Luz Colón
Luz Colón is the former executive director of the PA Commission on Latino Affairs under Governor Tom Wolf and worked under a number of Philly City Councilmembers in her 25-plus years in public service. Photo: Carlos Nogueras/AL DÍA News.

After seven years in state government, Luz Colón is going back to her roots in 2023 with a City Council run

She is one of 29 at-Large Democratic candidates on the ballot, and has a long history as a public servant.


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Throughout her 25-plus years in government, Luz Colón says she’s never forgotten her “stomping grounds.”

For her, that’s North Philly. First, it was near Temple University around Cecil B. Moore Ave. and then at York and Lawrence closer to Kensington.

Raised a “fighter”

Colón and her two sisters were raised there by a single mother in public housing, and like her own experience of arriving in Philadelphia from Puerto Rico with little to her name, she made sure her daughters were also raised to be resilient.

“My mom could write a memoir,” Colón told AL DÍA in an interview earlier this year. “I often wonder where my fight comes from, and it is definitely from her.” 

That fight for Luz and her sisters started in school, where Colón’s mother stressed her daughters would work towards their own independence.

“That’s what she instilled in us,” Colón said, “to make sure we had our own and be strong in life.”

A young Luz took that approach to everything.

Luz Colón
Luz Colón draws major inspiration from her mother, who raised her and her two older sisters alone in North Philly. Photo: Carlos Nogueras/AL DÍA News.

Outside of school, she grew into a skilled salsa dancer — once considering it for a career — and also enjoyed being a presence in her community alongside friends and neighbors. To this day, Colón still talks fondly of the old neighbors she encounters that remember watching her grow from a little girl at Ferguson Elementary to a burgeoning teen leader at Mastbaum and then a voice for her community at the city and state levels of government. 

“The community remembers you in pigtails playing double dutch out in the street,” she said. “We weren’t rich… It was poor, but being very happy and being loved by my community.”

In school, Colón’s life-changing experience occurred when she encountered ASPIRA. Beyond building her confidence as a leader and community servant, it also eventually provided her first work experience in city government.

At the city

At 17, Colón walked into her first job at City Hall working for Manny Ortiz, who was then a deputy mayor under Ed Rendell. From there, she transitioned to working in constituent services with Philly’s first and only Latino City Councilmember Angel Ortiz, where her career in government began to flourish.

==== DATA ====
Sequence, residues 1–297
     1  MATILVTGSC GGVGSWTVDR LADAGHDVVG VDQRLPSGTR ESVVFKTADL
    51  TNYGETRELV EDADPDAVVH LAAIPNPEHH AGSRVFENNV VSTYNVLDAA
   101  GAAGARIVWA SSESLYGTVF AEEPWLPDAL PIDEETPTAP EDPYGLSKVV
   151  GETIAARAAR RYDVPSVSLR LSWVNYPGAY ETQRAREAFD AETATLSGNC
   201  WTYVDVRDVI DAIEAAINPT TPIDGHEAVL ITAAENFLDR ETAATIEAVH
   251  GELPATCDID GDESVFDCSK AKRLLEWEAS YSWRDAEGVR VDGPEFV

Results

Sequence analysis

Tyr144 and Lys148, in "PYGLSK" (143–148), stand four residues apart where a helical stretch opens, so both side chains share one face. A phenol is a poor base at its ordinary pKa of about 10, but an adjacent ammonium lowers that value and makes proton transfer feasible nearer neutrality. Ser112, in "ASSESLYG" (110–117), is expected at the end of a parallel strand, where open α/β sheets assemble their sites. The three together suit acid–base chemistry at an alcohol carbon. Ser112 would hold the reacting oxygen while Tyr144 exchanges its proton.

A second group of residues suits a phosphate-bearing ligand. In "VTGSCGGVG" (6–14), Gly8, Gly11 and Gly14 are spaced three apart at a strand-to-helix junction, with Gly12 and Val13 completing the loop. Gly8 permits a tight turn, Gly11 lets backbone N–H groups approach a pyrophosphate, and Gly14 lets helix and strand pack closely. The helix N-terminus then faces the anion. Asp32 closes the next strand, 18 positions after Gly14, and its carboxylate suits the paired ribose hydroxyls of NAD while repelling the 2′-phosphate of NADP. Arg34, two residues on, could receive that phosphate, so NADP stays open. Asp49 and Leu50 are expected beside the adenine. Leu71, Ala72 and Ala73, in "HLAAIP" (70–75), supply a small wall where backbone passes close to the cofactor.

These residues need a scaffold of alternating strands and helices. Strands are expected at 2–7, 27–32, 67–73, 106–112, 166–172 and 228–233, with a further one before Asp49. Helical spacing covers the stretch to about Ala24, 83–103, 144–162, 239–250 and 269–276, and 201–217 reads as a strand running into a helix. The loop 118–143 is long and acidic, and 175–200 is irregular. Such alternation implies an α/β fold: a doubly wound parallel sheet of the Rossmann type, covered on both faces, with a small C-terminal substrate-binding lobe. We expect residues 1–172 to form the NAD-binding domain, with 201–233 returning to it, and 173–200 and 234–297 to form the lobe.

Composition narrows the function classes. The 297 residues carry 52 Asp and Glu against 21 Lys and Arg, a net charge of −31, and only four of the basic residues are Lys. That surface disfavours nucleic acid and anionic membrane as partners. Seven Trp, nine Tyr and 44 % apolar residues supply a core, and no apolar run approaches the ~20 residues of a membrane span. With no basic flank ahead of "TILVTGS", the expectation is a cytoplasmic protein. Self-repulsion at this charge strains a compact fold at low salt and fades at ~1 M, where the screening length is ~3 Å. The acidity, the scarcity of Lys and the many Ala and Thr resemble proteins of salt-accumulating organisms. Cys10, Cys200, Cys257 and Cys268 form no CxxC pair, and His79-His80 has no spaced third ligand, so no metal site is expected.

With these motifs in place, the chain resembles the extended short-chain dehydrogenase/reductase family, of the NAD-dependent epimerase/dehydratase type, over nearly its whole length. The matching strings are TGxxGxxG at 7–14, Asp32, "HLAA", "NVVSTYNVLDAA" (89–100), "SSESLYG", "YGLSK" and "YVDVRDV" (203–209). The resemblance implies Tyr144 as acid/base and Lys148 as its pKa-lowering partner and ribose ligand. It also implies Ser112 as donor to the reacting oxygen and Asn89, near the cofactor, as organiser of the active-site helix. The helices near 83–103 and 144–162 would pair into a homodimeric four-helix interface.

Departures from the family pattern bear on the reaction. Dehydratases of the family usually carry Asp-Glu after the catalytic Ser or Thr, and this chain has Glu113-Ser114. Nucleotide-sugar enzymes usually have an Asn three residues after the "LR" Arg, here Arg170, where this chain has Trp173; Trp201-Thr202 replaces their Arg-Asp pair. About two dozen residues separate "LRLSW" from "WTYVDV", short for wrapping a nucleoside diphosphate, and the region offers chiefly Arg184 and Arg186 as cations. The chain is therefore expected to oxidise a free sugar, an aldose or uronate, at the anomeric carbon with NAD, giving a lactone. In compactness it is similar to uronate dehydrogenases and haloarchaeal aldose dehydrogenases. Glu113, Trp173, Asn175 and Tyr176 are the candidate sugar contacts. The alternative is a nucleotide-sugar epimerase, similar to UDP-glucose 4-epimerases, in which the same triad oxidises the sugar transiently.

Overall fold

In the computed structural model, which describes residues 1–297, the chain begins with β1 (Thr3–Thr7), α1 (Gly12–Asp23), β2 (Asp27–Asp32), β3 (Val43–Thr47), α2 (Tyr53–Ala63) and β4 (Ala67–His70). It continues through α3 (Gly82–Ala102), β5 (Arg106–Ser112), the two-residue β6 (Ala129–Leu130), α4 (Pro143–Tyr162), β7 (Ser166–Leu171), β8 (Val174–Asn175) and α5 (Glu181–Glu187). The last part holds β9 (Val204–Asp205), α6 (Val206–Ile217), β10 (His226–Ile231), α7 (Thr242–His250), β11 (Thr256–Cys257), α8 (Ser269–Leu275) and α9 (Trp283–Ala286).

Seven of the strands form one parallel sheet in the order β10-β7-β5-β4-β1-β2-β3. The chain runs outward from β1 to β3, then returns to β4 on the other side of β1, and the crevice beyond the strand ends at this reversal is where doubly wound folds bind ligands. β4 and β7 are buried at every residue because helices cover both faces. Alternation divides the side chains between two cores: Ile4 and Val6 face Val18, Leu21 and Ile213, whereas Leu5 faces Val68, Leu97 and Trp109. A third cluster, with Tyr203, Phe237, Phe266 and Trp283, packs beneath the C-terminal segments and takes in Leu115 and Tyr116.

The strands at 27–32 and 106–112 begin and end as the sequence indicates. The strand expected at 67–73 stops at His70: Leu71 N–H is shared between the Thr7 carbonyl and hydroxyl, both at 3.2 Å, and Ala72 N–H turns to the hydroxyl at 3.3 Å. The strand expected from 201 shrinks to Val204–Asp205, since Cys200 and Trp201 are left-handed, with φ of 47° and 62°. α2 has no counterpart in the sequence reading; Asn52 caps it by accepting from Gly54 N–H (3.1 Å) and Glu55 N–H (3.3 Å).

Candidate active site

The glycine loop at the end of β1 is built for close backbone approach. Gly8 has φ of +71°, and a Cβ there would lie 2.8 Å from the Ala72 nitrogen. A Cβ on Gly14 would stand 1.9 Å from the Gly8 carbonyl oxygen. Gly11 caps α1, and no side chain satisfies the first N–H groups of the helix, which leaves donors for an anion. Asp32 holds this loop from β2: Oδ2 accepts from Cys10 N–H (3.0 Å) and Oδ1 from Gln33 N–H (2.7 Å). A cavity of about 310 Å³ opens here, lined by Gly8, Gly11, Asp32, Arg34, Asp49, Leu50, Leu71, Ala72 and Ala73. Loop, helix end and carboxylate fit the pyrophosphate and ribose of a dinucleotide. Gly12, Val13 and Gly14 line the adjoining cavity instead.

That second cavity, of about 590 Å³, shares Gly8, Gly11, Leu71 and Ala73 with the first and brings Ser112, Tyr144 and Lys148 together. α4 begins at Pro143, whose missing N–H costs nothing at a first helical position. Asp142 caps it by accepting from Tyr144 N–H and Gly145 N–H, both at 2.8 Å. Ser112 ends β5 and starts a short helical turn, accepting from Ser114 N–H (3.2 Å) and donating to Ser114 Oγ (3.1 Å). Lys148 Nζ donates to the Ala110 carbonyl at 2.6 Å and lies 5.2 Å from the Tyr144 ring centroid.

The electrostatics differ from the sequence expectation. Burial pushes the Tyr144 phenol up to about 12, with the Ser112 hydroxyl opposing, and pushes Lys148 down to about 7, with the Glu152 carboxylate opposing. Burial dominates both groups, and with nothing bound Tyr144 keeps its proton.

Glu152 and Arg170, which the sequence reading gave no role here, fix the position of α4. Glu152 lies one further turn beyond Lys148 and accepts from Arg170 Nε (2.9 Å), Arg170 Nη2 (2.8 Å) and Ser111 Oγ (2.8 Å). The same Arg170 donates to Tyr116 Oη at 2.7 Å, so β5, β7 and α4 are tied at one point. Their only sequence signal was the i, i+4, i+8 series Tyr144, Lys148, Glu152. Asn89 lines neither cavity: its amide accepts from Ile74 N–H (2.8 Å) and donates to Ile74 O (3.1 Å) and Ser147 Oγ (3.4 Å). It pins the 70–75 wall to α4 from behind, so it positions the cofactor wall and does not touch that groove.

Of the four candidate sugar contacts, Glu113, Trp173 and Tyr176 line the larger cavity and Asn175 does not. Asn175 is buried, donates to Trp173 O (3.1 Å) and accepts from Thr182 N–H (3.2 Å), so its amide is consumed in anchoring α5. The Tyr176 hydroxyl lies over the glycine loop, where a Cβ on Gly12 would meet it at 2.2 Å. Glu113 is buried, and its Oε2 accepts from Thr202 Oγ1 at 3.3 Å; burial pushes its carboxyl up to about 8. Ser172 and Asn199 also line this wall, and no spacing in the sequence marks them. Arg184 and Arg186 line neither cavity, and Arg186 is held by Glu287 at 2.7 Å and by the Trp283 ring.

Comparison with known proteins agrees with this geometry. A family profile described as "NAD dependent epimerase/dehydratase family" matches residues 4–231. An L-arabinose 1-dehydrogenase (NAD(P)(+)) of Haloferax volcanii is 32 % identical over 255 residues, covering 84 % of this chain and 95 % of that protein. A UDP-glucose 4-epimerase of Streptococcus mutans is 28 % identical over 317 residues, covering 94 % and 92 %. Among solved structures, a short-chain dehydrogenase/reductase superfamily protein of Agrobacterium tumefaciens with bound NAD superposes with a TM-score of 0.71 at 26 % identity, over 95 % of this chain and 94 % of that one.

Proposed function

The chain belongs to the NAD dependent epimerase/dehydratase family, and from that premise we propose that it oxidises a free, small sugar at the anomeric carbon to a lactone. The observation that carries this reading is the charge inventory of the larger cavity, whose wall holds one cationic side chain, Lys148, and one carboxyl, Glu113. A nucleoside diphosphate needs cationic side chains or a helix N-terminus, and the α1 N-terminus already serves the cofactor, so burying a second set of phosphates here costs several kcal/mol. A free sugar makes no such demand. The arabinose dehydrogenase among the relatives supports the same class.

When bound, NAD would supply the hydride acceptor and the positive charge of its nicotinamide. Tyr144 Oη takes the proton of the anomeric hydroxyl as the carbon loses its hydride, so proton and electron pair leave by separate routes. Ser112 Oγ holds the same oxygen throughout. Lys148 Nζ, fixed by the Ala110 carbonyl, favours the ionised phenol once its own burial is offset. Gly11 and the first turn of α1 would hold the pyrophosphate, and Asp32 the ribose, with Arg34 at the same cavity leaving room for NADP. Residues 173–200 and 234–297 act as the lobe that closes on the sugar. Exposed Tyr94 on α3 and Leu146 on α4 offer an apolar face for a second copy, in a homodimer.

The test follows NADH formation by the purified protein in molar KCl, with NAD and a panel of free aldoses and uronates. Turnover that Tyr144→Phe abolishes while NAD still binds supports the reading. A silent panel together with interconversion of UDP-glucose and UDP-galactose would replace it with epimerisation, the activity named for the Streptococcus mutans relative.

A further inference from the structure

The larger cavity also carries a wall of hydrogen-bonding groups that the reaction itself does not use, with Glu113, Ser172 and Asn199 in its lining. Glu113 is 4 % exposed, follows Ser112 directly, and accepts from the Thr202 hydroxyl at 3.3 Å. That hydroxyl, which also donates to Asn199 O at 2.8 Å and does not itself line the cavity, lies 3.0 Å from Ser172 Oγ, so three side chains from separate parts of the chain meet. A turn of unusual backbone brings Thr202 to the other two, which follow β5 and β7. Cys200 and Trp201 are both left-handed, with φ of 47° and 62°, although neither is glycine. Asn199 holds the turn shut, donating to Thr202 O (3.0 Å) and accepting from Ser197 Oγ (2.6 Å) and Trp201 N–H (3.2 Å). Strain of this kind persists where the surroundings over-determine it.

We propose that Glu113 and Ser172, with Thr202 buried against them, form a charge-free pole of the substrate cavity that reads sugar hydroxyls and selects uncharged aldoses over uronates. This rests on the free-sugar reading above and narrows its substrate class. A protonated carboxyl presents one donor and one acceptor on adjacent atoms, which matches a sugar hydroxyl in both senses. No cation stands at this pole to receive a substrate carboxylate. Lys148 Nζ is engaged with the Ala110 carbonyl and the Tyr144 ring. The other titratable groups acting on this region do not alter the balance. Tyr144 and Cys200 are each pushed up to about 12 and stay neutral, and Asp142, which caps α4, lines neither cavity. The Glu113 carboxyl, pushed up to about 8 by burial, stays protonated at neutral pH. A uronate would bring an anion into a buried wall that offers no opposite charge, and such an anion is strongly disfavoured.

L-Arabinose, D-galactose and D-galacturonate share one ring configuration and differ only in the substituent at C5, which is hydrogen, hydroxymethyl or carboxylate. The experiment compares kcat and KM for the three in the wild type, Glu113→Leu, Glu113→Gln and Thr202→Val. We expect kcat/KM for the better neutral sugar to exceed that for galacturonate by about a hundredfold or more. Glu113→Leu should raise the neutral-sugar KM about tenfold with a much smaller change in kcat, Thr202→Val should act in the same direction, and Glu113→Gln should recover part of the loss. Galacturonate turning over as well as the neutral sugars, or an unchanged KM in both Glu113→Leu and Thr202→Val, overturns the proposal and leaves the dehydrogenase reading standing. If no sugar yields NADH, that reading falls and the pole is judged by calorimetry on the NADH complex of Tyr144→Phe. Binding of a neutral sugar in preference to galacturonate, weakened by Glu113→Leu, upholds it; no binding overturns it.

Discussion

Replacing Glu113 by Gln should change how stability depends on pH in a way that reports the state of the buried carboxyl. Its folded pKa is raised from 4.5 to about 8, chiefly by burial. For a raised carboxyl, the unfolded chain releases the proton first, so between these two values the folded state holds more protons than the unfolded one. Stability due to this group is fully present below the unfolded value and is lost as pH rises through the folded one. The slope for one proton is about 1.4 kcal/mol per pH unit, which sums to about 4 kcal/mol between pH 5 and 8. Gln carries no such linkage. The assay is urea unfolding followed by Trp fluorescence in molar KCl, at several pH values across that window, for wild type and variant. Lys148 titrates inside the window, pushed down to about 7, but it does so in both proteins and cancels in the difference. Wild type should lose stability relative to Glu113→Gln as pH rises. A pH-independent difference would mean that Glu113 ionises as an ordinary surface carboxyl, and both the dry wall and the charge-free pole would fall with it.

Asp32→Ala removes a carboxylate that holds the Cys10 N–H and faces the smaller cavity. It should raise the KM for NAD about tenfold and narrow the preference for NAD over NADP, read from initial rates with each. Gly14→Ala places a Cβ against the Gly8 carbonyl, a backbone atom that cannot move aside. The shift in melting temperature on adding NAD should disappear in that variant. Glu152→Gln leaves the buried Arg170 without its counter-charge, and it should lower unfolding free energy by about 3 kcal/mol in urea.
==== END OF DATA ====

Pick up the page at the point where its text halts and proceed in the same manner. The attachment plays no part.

“That really broadened my horizons of community service,” Colón said of her time in the Councilmember Ortiz’s office.

It also forced her to learn Spanish at a more professional level — something she didn’t have while growing up — to better serve constituents.

“That was one of my first tasks in order to be able to connect with the community,” said Colón. “I was successful in it after lots of practice, lots of reading and lots of telenovelas.”

From Ortiz himself, Colón said she learned a number of key tenets of public service that she carries to this day.

For one, he showed her the necessary passion it takes to serve a community in his capacity as a City Councilmember. At the time, Ortiz was the only representative of Philly’s Latino community on City Council, so a majority of his work attempted to address its concerns.

To do that, Colón spoke to the power of listening as another learned skill to both remain connected to the community, but also take its issues to the city and brainstorm solutions with stakeholders from all over.

“How are we to know what is really happening in the world or in this community if we don’t really listen,” said Colón.

Leading GACLA

After Ortiz, Colón did similar work over the next decade-plus at City Hall with Councilmembers Blondell Reynolds Brown and Bill Greenlee before being appointed by Governor Tom Wolf as the new executive director of the Pennsylvania Commission on Latino Affairs in 2016.

Colón called the switch “bittersweet” because of the work she loved on City Council, but also saw the state position as an opportunity to take her passion for community service to the next level by working with municipalities across Pennsylvania.

In the role, her duty was to not only direct a group of more than 20 commissioners from across the state, but also be the go-to person for the governor regarding any issues pertinent to the Commonwealth’s diverse Latino communities.

The issues were dense and often required collaboration between the Commission, other state departments and the affected communities. Colón called the work “a lot,” but also “gratifying” for the impact it had.